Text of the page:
Something horrific happened in Bellingham this winter. A baby starved to death. I didn’t think that was possible here, now, where I live.
Many wonderful things happened this winter, too. A middle school band played a big band/swing concert at the Senior Center. A fifth grade class is trying to get into the Guinness Book of World Records, together. A four year old went to school for the first time ever and loved it.
I had nothing to do with any of these events, big, small, devastating or quietly glorious. But I feel a responsibility for all of it. This is my home, my neighborhood, my community. This is where I live and work and raise my children.
The gap between families with more resources and those with fewer is still too wide, and the impact too powerful.
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I want to live in a place that makes it easy to raise children. I want mothers and fathers to be able to care for their newborns. I want mothers to nurse; I want families to have enough food. I want that food to be healthy and delicious, and affordable.
I think we should have time to spend with friends; I think we should be able to safely walk to parks to play.
In August I was lucky enough to start a new job in the Bellingham Public Schools as director of wellness. It is this amazing opportunity to think about what it takes to keep students and families and staff healthy and well, and then see what we can do to build that kind of community. School breakfast and lunch; time for recess; examining our health education practices; taking care of staff so they are fresh and refreshed every day — these are the immediate bodies of work.
Of course there are already great programs in place. Many of our schools have vibrant gardens that are rich learning spaces. We have a team of physical education teachers who are leaders in the state, working to grow physical confidence and fitness in all students, pre-K through 12th grade. Thanks to a commitment to our health held in common by our students, staff and families, we are working hard to serve more whole foods cooked from scratch for breakfast and lunch.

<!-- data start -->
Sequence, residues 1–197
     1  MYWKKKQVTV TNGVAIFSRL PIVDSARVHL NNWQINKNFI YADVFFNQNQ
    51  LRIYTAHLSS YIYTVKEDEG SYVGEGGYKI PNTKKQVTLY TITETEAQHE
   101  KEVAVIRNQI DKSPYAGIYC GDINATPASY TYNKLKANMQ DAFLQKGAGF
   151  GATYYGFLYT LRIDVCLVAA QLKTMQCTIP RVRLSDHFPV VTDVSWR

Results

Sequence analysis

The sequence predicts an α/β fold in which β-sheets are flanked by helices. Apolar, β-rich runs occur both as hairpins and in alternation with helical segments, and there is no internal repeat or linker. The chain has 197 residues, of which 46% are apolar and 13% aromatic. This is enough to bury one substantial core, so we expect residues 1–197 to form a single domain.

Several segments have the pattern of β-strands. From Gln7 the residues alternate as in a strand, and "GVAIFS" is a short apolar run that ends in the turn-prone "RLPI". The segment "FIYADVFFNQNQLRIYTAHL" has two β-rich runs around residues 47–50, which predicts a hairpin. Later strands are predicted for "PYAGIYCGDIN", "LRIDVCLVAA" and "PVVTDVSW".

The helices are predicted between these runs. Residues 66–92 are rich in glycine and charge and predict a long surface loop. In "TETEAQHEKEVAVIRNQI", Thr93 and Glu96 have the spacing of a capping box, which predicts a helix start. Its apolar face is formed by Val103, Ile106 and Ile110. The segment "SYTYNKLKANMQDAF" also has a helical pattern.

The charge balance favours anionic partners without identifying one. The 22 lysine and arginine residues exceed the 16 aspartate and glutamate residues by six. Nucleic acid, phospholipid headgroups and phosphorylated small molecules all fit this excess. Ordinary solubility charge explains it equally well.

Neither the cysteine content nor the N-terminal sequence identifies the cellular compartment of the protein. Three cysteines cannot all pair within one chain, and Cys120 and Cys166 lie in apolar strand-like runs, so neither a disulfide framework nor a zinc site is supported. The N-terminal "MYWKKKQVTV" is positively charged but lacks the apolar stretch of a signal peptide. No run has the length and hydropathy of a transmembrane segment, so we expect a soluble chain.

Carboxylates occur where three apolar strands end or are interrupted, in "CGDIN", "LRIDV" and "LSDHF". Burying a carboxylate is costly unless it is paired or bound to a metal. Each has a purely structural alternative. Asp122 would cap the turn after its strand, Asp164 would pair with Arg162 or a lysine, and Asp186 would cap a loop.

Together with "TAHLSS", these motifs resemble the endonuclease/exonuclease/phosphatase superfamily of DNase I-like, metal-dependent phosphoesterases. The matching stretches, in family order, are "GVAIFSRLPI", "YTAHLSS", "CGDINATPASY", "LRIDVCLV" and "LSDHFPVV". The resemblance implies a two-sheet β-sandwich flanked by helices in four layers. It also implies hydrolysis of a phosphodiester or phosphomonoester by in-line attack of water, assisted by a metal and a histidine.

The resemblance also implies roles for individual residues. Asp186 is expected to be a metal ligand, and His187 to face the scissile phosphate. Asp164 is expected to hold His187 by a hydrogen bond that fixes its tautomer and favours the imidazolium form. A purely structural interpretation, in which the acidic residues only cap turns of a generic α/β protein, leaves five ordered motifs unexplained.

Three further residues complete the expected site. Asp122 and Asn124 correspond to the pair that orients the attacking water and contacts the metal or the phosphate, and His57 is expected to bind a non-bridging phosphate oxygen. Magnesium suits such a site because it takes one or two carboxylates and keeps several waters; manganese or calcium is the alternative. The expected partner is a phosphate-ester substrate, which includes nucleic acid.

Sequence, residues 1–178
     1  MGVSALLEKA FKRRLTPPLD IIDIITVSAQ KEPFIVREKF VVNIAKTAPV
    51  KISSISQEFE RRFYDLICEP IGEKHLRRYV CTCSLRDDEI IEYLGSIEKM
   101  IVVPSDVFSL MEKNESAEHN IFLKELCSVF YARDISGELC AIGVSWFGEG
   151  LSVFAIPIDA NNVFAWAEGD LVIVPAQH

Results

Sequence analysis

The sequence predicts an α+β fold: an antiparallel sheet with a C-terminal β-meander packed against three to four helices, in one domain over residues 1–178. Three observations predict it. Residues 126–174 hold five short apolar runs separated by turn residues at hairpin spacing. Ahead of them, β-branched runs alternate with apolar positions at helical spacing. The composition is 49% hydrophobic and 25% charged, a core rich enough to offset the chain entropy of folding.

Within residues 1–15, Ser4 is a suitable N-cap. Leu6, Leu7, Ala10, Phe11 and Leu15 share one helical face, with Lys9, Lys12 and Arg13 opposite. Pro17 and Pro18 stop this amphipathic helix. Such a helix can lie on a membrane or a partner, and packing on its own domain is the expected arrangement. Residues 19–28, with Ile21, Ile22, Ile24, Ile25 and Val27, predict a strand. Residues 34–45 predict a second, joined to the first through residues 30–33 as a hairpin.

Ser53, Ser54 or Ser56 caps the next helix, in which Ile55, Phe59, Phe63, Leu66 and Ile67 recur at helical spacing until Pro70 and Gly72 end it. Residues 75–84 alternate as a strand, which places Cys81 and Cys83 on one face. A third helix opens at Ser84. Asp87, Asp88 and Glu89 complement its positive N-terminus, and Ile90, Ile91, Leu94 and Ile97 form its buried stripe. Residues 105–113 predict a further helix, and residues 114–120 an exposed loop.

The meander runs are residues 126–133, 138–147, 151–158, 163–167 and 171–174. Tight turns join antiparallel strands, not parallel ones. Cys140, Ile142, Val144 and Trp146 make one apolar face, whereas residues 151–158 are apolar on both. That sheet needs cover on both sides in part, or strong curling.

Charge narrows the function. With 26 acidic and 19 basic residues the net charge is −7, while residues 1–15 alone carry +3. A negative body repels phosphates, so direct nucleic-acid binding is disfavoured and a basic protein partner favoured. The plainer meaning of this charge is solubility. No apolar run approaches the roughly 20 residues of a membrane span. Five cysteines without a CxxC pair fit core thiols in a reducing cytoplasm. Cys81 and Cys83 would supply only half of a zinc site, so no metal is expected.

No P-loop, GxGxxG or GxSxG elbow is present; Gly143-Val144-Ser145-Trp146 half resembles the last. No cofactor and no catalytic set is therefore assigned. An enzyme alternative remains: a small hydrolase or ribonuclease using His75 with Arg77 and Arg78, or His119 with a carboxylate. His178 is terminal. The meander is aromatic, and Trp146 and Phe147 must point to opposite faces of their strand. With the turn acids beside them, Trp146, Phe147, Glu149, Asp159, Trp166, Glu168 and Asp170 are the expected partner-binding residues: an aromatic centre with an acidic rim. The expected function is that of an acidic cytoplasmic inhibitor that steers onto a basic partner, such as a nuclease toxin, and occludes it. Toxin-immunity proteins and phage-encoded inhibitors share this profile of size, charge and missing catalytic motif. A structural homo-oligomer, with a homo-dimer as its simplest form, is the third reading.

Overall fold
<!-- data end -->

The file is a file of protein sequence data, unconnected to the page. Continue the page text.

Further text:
We also have lots of room for improvement. The gap between families with more resources and those with fewer is still too wide, and the impact too powerful. “Health disparities” is a term that refers to “preventable differences in the burden of disease, injury, violence, or opportunities to achieve optimal health” among communities of people who “experience different social and economic discrimination based on a number of factors such as race and ethnicity, socioeconomic status, gender, age, sexual orientation and geographic location.” So many “healthy” choices are expensive and inaccessible — from club sports to fresh fruits and vegetables.
My favorite part of The Bellingham Promise is the “One Schoolhouse” strategy. One Schoolhouse means that all students, in all our schools, can access a great education. But One Schoolhouse takes all of us. It should maybe be called “our schoolhouse.” We all have to commit to caring for a community that stretches beyond any boundaries we may imagine — beyond school bus lines or neighborhood street signs, beyond the people we work or go to church with — to make this a reality.
Washington state ranks 31st among all states in in per-pupil funding. Our state Legislature is in contempt of court for failing to fully fund education. And yet locally we continue to be great supporters of our children and our schools. We passed our recent levy; we passed a critical facilities bond in 2013; we have tremendous community partners who support many elements of education.
How to help
The responsibility we hold for caring for one another will never end. Right now, I choose to support the Bellingham Public Schools Foundation because the foundation supports One Schoolhouse. I want my children — and their friends, and the kids in town I don’t know — to receive a top-notch education. Neither health nor education is a zero-sum game: rather, when we are all healthier and more educated, we are all better off. The foundation has developed a One Schoolhouse fund, and is also directly supporting wellness and safety efforts in our district. Consider joining me in making a gift to the Bellingham Public Schools Foundation during their promise campaign, underway now.
Please, let’s build a community that takes great care of our youngest children and their families.
Jessica Sankey is director of wellness for Bellingham Public Schools.